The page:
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If These Walls Could Talk

Laura Letinsky, "Untitled #80" | Edition 11/15 | 30 3/4 x 34 3/4 inches | 2003

Collector’s Notebook: Art Goes Corporate

At Microsoft, when walls talk, employees create

Summer | Fall 2008


In Microsoft’s warren of cubicles, offices and meeting rooms, employees hunch over computers, sip lattes and soft drinks, jiggle their sneaker-clad feet and spend long hours working for the largest company in America. When they pop up to check something with a co-worker or shuffle down the hall to refill water bottles, their journey is punctuated by striking contemporary artwork, and none of it directly relates to their high-tech workday.

In 1987 Microsoft employed about 2,000 people in Redmond, Washington, and then, as now, the “work hard, play hard” vibe buzzed through six Microsoft buildings. Wanting to liven up the bare corridors, a small group of employees hit on an idea: contemporary, original art.

By 1999 the good idea had become corporate policy, and Microsoft hired its first full-time curator, New York gallery owner Michael Klein. At first, Klein purchased work by emerging and mid-career Northwest artists, but today’s collection of 4,500 pieces echoes Microsoft’s growing global footprint with an international sampling of contemporary and new media forms of paintings, sculpture, ceramics, works on paper, photographs, studio glass and video by emerging artists and notables such as Jacob Lawrence and Chuck Close.

Microsoft declines to put a price tag on its corporate art collection, noting that the value depends on the art market at the time, but will admit it is worth “millions.” In the United States, only a handful of corporations outrank Microsoft’s collection.

In high-tech office complexes where cutting-edge technology runs at warp speed, it might appear that artwork adorning labyrinth hallways would be passed by without a second glance. Not so.

“Microsoft encourages creativity — whether for developing computer games or designing business strategies,” says Mark Magill, learning and development specialist in the Microsoft Law and Corporate Affairs Department. “Creative people are hungry for inspiration on a daily basis. Fine art is literally the embodiment of the creative force — the result or final stage of the artistic process which, in turn, can spark a new fire for ideas to be nurtured and tweaked.”

And Microsoft’s corporate art program goes beyond works on walls. Docent-led tours are open to the general public and employees; the Artist Lecture Series brings artists to the corporation to discuss their work; authors, writers and scholars moderate Artful Readings, a book club that focuses on the relationship between art from the Microsoft collection and the written word; and display walls at the Microsoft Conference Center showcase artwork from the collection.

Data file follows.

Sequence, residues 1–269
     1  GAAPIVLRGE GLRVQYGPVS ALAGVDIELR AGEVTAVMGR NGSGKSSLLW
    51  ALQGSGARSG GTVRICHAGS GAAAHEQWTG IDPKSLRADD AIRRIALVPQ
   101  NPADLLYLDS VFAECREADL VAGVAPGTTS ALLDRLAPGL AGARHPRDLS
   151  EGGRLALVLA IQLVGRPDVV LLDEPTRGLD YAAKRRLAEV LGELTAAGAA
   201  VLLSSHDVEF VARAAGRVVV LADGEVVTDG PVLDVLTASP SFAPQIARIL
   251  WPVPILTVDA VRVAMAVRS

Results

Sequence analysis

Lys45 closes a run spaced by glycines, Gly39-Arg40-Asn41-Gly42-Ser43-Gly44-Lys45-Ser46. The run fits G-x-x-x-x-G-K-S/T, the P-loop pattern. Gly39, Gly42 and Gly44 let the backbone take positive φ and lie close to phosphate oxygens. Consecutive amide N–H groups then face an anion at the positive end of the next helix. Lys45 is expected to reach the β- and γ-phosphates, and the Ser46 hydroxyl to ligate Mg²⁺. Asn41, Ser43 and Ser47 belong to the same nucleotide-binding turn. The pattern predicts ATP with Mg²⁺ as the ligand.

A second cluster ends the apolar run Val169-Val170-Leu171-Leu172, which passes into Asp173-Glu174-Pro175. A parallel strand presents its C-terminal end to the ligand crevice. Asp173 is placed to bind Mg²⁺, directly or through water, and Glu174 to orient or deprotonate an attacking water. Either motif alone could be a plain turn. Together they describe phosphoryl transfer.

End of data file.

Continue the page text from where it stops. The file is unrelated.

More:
Mary Kae McCullough, managing photo editor in Microsoft’s Media Acquisitions Group, has been involved in several art-related programs at the company since she joined in 1994 and has witnessed the gamut of employee reactions.

“In an intense work environment such as Microsoft, where people tend to be very, very focused, the art collection adds an important expansive dimension, it broadens the view (not to mention adds a breath of fresh air),” McCullough says. “Overall I believe the employees appreciate having art in the workplace, and if anything they’re most vocal when it’s removed during facility upgrades. Negative comments are usually focused on individual pieces and the resulting discussions can be just as stimulating and important. Of course there are those employees who use the collection as a way-finding tool. ‘Get off the elevator and turn left at the Jacob Lawrence, then left at the Diane Arbus,’ which serves them well until the collection rotates.”

After Microsoft’s annual take-your-daughters-and-sons-to-work day, McCullough was especially heartened to realize the art collection helped parents see their workspace anew through the eyes of enthusiastic children.

“Amidst the project schedules on the board in my office is a memento from last year’s tour,” McCullough says. “It’s a small scrap of paper with a child’s scrawl: ‘I loved the art tour. —Nicole.’ ”

 


Corporate Art Around the World

In 1959, when David Rockefeller was president of The Chase Manhattan Bank (now JP Morgan Chase), he established the firm’s art program and took the lead in the field of corporate art collecting. Today the organization has more than 30,000 pieces in 450 countries around the globe.

“Many corporations want to support culture,” says Naomi Baigell, senior vice president and director of corporate art and museum services at Sotheby’s, “and they show support in many ways, including collecting art, supporting museum exhibitions, supporting performing arts or assisting arts organizations.”

“One of the most important trends in corporate art collecting that has emerged in recent years,” according to S.R. Howarth, editor of the International Directory of Corporate Art Collections, “is that the art collection is now viewed as part of the company’s overall image. In the early days, art was used as a direct-marketing tool to sell a product, today it reflects the corporate culture and what is unique about that particular company.”

 

Deutsche Bank, Germany: More than 50,000 pieces

JP Morgan Chase, New York: More than 30,000 pieces

ABN-Amro, Holland: 16,000 pieces

UBS, Switzerland: More than 1,000 pieces

 


Linda Hagen Miller is a freelance journalist whose award-winning travel and human interest articles have appeared in national and international magazines and newspapers.

Benjamin Edwards, "Automatic City" | Edition 25/40 | 26 x 46 inches | 2006

Satoru Aoyama, "Easeful City" | Embroidery on Polyester Organza | 15 3/4 x 22 inches | 2005